The controversy over the anti-Islam YouTube film, “The Innocence of Muslims,” isn’t going away. Al-Qaeda leader Ayman al-Zawahiri called for mass demonstrations last week, and yesterday thousands of Muslims converged outside Google in London to demand the removal of the YouTube clip:
A protest by 10,000 Muslims outside the offices of Google in London today is just the first in an orchestrated attempt to force the company to remove an anti-Islamic film from website YouTube in Britain. …
Organiser Masoud Alam said: “Our next protest will be at the offices of Google and YouTube across the world. We are looking to ban this film.
“This is not freedom of expression, there is a limit for that. This insult of the Prophet will not be allowed. …
One of the speakers, Sheikh Faiz Al-Aqtab Siddiqui, told The Daily Telegraph: “Terrorism is not just people who kill human bodies, but who kill human feelings as well. The makers of this film have terrorised 1.6 billion people.
That’s an odd quote: “Terrorism is not just people who kill human bodies, but who kill human feelings as well.” On the surface, the speaker seems to be criticizing terrorism, when in fact he’s justifying it. If mocking a religious figure like Mohammed is considered “terrorism,” that would legitimize a violent response. He’s saying you can’t end terrorism against people unless you also end “terrorism against feelings.”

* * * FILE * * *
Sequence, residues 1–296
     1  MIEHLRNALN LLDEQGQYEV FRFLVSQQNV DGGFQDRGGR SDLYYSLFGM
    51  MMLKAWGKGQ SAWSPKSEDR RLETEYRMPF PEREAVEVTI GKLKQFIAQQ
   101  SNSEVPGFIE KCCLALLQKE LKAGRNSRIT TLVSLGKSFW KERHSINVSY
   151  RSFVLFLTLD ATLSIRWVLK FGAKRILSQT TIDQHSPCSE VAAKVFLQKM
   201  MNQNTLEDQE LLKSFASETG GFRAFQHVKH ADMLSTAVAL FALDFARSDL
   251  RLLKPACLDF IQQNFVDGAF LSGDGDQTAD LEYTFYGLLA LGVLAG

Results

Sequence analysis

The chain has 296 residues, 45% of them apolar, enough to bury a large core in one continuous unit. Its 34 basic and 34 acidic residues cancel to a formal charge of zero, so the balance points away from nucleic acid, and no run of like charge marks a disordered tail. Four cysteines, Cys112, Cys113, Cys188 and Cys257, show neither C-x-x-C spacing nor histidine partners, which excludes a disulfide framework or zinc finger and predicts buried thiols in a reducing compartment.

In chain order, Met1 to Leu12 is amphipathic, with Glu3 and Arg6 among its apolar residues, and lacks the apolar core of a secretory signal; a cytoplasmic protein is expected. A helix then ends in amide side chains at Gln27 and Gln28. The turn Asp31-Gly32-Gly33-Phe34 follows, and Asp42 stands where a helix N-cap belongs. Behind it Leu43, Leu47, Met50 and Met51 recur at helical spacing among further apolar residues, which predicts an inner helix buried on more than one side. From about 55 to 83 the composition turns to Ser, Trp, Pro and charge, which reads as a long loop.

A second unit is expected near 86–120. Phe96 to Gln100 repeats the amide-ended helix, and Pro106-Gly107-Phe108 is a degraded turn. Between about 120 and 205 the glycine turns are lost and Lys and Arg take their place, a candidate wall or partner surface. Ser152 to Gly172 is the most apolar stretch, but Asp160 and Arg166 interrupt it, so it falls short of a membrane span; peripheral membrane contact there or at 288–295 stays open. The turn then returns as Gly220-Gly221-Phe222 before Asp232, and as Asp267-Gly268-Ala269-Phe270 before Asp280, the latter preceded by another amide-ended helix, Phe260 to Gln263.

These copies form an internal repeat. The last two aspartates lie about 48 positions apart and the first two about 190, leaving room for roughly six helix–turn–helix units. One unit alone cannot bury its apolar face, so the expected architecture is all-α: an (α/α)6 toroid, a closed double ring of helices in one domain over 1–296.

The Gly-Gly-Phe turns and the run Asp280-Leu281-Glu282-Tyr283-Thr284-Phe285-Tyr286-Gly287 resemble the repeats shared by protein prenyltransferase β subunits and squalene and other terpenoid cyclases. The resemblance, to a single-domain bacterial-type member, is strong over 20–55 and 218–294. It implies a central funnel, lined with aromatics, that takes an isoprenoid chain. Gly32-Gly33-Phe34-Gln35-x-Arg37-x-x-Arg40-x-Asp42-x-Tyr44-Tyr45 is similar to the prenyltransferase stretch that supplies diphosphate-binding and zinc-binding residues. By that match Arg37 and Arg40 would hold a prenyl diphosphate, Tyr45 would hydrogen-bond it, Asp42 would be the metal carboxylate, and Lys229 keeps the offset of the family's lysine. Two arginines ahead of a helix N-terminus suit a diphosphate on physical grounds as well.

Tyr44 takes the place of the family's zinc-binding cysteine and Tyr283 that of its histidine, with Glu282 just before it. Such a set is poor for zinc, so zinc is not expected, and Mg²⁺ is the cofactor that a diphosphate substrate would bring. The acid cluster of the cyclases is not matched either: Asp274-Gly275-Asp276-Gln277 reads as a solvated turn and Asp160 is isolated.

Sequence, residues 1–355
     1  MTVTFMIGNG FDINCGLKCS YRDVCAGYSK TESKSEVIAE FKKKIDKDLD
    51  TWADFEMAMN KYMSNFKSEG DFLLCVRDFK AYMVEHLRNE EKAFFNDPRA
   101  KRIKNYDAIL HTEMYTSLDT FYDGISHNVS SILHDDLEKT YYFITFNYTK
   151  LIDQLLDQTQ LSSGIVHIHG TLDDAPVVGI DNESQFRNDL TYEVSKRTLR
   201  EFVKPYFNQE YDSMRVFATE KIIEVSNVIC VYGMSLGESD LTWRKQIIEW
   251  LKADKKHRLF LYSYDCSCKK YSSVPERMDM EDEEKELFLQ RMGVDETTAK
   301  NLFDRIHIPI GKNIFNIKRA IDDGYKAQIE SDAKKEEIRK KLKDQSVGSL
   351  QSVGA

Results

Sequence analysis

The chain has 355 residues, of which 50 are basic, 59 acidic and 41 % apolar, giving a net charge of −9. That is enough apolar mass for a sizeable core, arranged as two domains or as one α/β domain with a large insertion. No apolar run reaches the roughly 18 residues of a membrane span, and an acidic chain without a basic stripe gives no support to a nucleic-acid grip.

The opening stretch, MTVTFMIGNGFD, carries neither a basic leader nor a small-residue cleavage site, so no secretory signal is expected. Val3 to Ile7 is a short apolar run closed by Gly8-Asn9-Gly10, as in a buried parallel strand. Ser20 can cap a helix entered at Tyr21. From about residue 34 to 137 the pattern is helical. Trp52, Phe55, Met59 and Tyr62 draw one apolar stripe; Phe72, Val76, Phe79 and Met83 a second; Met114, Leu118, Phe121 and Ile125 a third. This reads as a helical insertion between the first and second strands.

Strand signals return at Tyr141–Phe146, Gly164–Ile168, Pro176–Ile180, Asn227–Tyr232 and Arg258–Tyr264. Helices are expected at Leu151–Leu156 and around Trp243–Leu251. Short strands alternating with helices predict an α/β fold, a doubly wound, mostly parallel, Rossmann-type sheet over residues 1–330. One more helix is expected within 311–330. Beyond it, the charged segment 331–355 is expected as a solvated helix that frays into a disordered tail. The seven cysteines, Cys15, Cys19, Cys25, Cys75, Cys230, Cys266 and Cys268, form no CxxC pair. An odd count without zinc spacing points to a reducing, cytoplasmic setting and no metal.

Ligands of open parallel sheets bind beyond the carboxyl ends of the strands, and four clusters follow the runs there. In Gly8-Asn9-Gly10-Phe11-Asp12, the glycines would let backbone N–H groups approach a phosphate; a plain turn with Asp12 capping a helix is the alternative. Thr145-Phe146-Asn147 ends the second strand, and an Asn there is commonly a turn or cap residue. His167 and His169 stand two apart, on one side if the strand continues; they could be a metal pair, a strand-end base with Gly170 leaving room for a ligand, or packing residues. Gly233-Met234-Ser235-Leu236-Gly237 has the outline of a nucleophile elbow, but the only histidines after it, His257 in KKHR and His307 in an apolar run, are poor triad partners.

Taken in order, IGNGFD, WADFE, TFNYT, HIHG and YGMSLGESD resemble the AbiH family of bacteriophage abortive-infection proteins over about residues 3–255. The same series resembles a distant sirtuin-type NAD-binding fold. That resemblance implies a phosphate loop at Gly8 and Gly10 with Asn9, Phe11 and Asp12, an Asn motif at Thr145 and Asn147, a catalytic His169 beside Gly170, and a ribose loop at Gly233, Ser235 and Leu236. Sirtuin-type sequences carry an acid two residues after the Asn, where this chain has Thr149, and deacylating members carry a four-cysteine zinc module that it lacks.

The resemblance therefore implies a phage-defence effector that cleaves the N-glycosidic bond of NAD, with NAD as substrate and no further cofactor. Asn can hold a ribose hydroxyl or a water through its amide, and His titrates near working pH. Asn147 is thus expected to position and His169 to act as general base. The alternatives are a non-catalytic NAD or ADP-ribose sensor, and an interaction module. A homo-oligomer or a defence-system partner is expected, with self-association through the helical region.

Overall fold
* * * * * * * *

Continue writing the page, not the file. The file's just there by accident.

Another protester interviewed in the article said basically the same thing:
Self-employed businessman Ahmed Nasar said he was worried the video could lead to violence in Britain in the same way as it had abroad. “If you push people too far,” he said, “You will turn the peaceful elements into violence.”
Yet another attempt to blame the victims for Islamic terrorism instead of the perpetrators. And these aren’t isolated opinions. The Organization of Islamic Conference, a group that represents 56 Islamic states, called for a global ban on insulting Muhammad at the United Nations last month, claiming that offensive speech could “provoke people to violence.” Not that there’s any chance of a global speech ban actually happening, but it’s a campaign that many Muslim leaders — including ones considered “moderate” — are invested in.